Illinois State University Police Officers received their State mandated training at the State Police Academy, in Springfield, Illinois. This training is mandated by Illinois Statute which you may read about below.
(50 ILCS 705/) Illinois Police Training Act
(50 ILCS 705/1) (from Ch. 85, par. 501) Sec. 1. It is hereby declared as a matter of legislative determination that in order to promote and protect citizen health, safety and welfare, it is necessary and in the public interest to provide for the creation of the Illinois Law Enforcement Training Standards Board for the purpose of encouraging and aiding municipalities, counties, park districts, State controlled universities, colleges, and public community colleges, and other local governmental agencies of this State and participating State agencies in their efforts to raise the level of law enforcement by upgrading and maintaining a high level of training and standards for law enforcement executives and officers, county corrections officers, sheriffs, county coroners, and law enforcement support personnel under this Act. It is declared to be the responsibility of the board to ensure the required participation of the pertinent local governmental units in the programs established under this Act, to encourage the voluntary participation of other local governmental units and participating State agencies, to set standards, develop and provide quality training and education, and to aid in the establishment of adequate training facilities.
(Source: P.A. 88-586, eff. 8-12-94.)
The curriculum for probationary police officers which shall be offered by all certified schools shall include but not be limited to courses of arrest, search and seizure, civil rights, human relations, cultural diversity, including racial and ethnic sensitivity, criminal law, law of criminal procedure, vehicle and traffic law including uniform and non-discriminatory enforcement of the Illinois Vehicle Code, traffic control and accident investigation, techniques of obtaining physical evidence, court testimonies, statements, reports, firearms training, first-aid (including cardiopulmonary resuscitation), handling of juvenile offenders, recognition of mental conditions which require immediate assistance and methods to safeguard and provide assistance to a person in need of mental treatment, law of evidence, the hazards of high-speed police vehicle chases with an emphasis on alternatives to the high-speed chase, and physical training. The curriculum shall include specific training in techniques for immediate response to and investigation of cases of domestic violence and of sexual assault of adults and children. The curriculum shall also include a block of instruction aimed at identifying and interacting with persons with autism and other developmental disabilities, reducing barriers to reporting crimes against persons with autism, and addressing the unique challenges presented by cases involving victims or witnesses with autism and other developmental disabilities.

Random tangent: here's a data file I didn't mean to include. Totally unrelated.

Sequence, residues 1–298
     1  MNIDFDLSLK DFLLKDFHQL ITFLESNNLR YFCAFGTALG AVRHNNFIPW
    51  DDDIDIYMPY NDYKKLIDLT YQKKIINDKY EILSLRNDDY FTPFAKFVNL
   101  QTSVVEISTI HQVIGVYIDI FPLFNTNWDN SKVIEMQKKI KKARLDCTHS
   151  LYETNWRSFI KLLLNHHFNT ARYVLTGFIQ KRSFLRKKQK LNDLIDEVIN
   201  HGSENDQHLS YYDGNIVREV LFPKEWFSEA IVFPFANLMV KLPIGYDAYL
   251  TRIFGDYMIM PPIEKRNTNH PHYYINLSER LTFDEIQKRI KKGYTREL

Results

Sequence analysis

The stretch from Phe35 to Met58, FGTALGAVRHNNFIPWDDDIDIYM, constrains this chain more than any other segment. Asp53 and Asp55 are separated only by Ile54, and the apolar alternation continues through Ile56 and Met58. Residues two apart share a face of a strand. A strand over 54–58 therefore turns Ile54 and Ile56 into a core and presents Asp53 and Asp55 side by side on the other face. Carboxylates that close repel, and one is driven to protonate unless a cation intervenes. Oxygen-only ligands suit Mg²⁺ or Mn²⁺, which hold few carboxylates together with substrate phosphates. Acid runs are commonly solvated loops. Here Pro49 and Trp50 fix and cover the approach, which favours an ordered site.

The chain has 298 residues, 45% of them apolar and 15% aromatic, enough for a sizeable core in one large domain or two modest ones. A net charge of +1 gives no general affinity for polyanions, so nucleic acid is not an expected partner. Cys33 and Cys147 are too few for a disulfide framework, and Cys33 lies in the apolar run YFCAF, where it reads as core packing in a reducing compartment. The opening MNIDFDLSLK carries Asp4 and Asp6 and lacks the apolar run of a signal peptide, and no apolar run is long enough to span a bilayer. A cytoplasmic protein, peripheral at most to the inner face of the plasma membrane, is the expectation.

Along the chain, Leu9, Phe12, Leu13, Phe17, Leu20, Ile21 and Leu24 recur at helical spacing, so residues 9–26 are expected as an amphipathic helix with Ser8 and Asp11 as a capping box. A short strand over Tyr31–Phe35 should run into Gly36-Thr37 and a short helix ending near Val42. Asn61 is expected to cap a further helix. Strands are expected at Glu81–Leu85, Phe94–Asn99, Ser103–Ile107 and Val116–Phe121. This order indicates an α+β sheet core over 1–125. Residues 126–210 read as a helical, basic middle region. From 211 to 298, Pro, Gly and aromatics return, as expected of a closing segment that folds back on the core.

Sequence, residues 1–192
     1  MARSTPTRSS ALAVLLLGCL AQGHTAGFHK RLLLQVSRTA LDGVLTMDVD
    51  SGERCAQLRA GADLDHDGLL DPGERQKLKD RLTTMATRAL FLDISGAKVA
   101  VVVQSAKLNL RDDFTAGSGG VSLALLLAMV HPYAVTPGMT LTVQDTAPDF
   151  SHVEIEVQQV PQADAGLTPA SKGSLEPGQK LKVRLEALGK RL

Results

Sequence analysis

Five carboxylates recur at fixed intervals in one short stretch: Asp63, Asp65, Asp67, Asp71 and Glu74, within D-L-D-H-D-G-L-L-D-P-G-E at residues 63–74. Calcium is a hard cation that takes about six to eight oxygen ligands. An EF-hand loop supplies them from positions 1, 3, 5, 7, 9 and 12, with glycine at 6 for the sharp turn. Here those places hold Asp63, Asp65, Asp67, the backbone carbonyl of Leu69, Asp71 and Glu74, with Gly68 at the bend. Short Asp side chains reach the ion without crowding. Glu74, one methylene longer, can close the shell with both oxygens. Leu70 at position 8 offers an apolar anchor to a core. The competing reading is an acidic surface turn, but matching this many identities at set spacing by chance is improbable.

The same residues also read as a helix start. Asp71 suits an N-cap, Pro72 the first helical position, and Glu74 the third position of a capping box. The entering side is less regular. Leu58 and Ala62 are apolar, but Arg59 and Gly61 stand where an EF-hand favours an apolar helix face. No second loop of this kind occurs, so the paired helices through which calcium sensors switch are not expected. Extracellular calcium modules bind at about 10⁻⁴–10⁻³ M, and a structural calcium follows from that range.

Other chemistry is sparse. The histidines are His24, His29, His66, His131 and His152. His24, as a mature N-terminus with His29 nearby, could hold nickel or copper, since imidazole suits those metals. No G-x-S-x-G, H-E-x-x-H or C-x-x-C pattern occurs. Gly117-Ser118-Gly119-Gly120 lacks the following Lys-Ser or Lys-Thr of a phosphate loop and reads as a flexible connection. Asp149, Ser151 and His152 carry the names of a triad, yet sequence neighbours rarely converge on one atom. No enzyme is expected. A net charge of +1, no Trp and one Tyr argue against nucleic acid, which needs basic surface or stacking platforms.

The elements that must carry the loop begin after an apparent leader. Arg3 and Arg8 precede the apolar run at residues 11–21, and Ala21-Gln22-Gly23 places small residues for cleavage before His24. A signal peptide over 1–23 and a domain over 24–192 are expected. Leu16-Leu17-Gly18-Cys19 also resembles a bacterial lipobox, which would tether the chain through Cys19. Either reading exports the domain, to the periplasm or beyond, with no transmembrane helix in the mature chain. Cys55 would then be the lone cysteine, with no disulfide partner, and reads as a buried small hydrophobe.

The Basic Law Enforcement Officer's Training is 480 hours and prepares trainees for the performance of their duties as Illinois local law enforcement officers. Instructional units for this course include those topical areas listed above as well as additional units. Evaluations are made on the basis of written examinations, performance in field practical exercises (Physical Training, Control and Arrest Tactics, and Firearms), classroom participation, and behavior. Students must achieve an overall academic average of 70 percent and successfully demonstrate skills during practical exercises. To obtain certification from the Board, students must also achieve a minimum score of 70 percent on a comprehensive examination.
After graduation from the police academy, new recruits begin 14-16 weeks of on-the-job training in the Department with a certified Field Training Officer (FTO). Field Training Officers instruct, guide, and nurture new recruits through their field training. The final stage of their on-the-job training occurs when the recruit takes over the activity on the street and their FTO shadows them while providing guidance, encouragement, and corrective action as necessary. Recruits receive ongoing feedback as to their progress throughout the training. Even newly hired officers with prior law enforcement experience must go through the field training period, the length of which depends upon their experience and their performance. The final evaluation of each new officer is conducted by the FTOs, Sergeants, and command staff. If a new officer successfully passes all phases of field training, they are considered a fully functional member of the Illinois State University Police Department.
Officer's training does not stop upon completion of the Police Academy or even the Department's field (on-the-job) training . The Department is a member of our local Mobile Training Unit (MTU8) which provides training for local law enforcement officers. Officer's are sent to training at our MTU8 regularly for updates on criminal law, search and seizure, CPR/First aid, Cultural Diversity, drug investigations, hazardous materials, terrorism, defensive tactics, and interview and interrogation skills, leadership as well as, many other specialty courses brought in from time to time. Our Bike Patrol officer's all receive training through the International Police Mountain Bike Association (IPMBA). We have a Sergeant who is on the IPMBA Board of Directors and serves as the organizations training coordinator.